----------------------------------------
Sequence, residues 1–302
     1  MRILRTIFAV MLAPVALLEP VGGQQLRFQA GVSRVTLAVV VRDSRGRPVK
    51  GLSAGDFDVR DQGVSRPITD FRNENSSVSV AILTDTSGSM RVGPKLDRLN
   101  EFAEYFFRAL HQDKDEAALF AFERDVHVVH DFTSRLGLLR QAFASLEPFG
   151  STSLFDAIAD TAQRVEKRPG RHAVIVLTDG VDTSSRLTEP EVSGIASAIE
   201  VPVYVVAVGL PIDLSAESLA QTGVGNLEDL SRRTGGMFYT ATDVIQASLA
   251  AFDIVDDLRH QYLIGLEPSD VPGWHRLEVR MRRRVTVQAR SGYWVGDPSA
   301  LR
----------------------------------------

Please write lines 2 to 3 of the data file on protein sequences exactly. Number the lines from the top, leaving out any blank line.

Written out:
     1  MRILRTIFAV MLAPVALLEP VGGQQLRFQA GVSRVTLAVV VRDSRGRPVK
    51  GLSAGDFDVR DQGVSRPITD FRNENSSVSV AILTDTSGSM RVGPKLDRLN